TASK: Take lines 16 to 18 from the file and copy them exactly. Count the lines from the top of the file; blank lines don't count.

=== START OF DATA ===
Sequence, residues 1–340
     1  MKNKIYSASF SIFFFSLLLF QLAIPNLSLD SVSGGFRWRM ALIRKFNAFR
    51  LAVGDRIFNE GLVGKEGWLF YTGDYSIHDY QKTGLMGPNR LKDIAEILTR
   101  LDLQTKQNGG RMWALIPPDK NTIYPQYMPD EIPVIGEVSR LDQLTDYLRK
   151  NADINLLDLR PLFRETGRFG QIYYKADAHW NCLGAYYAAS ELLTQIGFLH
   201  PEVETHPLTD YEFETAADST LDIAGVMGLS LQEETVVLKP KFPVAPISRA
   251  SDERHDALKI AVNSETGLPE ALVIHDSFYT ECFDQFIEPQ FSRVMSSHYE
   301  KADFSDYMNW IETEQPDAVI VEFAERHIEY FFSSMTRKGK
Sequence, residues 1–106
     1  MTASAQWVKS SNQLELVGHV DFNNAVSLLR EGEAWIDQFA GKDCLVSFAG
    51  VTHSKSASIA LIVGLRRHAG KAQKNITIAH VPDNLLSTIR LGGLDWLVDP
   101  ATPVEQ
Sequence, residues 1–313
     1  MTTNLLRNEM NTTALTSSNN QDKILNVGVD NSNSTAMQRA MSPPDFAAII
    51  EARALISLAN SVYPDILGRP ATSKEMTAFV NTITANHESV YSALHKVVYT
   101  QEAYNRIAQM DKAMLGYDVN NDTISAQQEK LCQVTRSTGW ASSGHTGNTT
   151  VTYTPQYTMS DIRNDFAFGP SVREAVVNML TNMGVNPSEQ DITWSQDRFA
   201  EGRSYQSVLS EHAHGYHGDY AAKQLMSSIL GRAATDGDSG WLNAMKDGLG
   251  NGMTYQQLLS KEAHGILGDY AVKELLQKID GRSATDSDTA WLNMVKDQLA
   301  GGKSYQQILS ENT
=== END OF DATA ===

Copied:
   101  QEAYNRIAQM DKAMLGYDVN NDTISAQQEK LCQVTRSTGW ASSGHTGNTT
   151  VTYTPQYTMS DIRNDFAFGP SVREAVVNML TNMGVNPSEQ DITWSQDRFA
   201  EGRSYQSVLS EHAHGYHGDY AAKQLMSSIL GRAATDGDSG WLNAMKDGLG